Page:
I haven’t used (so take this for whatever it’s worth!), alhough I’ve considered it as an alternative to online dating, but I can see how it would be a good way to find new friendships too. One thing that might be helpful is to try to find something else in common with someone from one of your groups (beyond whatever shared interest brought the two of you to the meetup group in the first place), because that then gives you an avenue to move that friendship forward into other areas of your life. An example from my own life – I have a fairly new friend who I have known for several years through work. We have the same job, but in different locations, and would see each other maybe four times a year at various work events. We always got along well when we saw each other through work, but up until about a year ago I would have considered her more of an acquaintence than a friend. What changed was that we were chatting at one of those work events and realized we shared a common family experience – her mom had the same type of cancer that my mom has. From there we made plans to go for coffee to talk more about that, and now we see each other outside of work on a pretty regular basis. I’m happy she’s come into my life, but it took finding that additonal connection to really start building that friendship, and I think the same principle might apply for things like Meetup groups/courses/volunteer work or any other experiences where you see the same people regularly but for a particular purpose. I truly have no idea if that’s the right approach (or if there even IS a “right” approach!) but that’s something that’s worked for me in the past. Is there someone from one of your movie groups who might like to go with you to one of the music meetups, for example?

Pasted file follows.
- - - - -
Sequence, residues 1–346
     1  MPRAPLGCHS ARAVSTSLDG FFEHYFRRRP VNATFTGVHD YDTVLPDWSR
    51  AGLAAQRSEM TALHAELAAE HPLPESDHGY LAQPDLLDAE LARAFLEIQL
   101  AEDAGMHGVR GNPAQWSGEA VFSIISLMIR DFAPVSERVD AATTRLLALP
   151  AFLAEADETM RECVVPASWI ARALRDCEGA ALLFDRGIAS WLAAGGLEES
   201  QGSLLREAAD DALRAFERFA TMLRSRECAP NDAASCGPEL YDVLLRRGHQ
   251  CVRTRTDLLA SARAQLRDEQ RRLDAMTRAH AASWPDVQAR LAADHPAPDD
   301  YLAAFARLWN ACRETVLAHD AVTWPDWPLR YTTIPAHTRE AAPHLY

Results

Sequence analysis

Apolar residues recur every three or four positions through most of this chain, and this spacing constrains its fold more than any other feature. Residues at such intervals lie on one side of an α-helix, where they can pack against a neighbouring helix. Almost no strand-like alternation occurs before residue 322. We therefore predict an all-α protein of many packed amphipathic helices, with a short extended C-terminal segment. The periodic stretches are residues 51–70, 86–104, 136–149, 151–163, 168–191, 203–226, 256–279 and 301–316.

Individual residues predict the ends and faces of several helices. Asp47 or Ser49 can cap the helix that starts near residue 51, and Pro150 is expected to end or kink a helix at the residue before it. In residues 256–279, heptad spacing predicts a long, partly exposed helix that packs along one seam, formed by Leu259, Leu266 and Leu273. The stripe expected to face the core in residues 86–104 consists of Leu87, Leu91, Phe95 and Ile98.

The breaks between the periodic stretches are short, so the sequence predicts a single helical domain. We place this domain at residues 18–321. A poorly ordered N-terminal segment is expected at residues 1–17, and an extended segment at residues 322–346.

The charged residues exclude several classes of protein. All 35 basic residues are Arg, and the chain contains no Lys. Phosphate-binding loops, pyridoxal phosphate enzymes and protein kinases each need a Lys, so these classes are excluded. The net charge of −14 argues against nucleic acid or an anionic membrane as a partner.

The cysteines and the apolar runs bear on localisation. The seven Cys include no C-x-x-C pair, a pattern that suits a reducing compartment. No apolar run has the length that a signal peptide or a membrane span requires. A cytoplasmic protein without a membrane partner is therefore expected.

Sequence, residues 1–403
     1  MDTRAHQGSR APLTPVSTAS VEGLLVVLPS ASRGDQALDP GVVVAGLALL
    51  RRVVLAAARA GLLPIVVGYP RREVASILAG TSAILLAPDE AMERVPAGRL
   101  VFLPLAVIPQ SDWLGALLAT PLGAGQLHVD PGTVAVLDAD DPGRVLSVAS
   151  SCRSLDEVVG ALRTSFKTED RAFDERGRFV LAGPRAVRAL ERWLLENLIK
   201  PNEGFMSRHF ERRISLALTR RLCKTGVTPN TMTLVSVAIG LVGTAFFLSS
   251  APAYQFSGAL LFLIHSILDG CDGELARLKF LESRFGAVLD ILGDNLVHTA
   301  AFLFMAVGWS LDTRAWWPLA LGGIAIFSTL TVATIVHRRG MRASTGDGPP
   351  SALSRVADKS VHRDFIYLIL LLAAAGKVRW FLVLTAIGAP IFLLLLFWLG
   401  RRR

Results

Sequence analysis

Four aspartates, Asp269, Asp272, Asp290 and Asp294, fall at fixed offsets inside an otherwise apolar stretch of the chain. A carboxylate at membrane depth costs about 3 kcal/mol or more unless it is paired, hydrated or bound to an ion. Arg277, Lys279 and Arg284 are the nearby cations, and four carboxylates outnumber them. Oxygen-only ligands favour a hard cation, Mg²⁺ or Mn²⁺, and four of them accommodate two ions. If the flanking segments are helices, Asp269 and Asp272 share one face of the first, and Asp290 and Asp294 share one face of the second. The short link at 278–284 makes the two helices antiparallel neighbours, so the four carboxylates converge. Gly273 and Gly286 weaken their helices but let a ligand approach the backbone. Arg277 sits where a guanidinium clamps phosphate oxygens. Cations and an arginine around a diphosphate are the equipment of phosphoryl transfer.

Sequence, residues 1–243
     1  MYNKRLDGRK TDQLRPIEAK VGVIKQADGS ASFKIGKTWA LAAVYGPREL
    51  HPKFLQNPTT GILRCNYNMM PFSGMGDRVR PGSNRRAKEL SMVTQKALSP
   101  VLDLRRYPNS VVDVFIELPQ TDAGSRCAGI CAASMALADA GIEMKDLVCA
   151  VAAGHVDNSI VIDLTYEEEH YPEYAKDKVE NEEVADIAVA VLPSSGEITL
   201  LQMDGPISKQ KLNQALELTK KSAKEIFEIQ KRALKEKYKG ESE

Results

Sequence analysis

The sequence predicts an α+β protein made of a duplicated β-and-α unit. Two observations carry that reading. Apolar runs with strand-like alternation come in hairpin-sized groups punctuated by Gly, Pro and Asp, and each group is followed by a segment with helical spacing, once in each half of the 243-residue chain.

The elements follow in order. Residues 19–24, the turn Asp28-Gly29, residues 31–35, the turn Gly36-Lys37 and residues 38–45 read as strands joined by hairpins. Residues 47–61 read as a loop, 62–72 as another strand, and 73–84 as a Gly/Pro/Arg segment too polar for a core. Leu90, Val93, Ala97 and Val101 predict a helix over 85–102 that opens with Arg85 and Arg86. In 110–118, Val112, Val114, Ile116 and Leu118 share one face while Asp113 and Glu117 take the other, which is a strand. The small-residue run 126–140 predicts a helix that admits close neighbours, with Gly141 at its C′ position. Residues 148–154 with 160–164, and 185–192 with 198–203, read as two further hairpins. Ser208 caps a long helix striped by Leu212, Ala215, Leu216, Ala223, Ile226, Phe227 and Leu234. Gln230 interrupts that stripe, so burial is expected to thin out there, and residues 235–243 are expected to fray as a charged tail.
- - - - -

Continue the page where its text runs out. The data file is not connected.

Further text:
I’ve never tried a meetup, BUT something came to mind that I thought I’d share. I also want to expand my social circle and make new meaningful friendships. I don’t know if you’re into these type of activities, but I noticed a lot of people I meet have developed friendships from weekly classes they go to. Typically, this is: yoga, spin classes at a local gym, indoor rock climbing, etc…

    I think this is easy for some people because 1) You feel obligated to go if you paid for a membership (and vice versa) so you’ll see these people more frequently. 2) It’s a great opportunity to strike up conversations, but it’s also nice to go about the class independently on days when you’re not feeling the crowd. 3) I’m pretty awful at sticking to a workout plan, but I do think it does the mind and body good.

    I know not everyone is into these types of activities, but it’s something interesting I’ve noticed outside of meetup groups :).



    Thanks both for your input. My feeling at the moment is that I’m spreading myself too thin being a part of lots of groups, I can totally see the point of people becoming friends with people they see weekly, so my next step is to focus on the groups where people seem friendliest towards me and see if I can develop those further by attending more regularly. I will also try to bring up other topics at the meets to see if there’s anyone who shares a second interest, that seems a good idea too. Thanks again!



    I have been on Meetup and have made a few good friends from there that I see outside of Meetup regularly. I think your approach is a good one – pick one or two groups and then from within those try to build just one or two friendships from the people you feel you have most in common with or seem to connect to. Let us know how it works out!

Viewing 5 posts - 1 through 5 (of 5 total)

You must be logged in to reply to this topic.

Tweet about this on TwitterShare on FacebookShare on LinkedInShare on Google+Share on TumblrPin on PinterestShare on StumbleUponEmail this to someone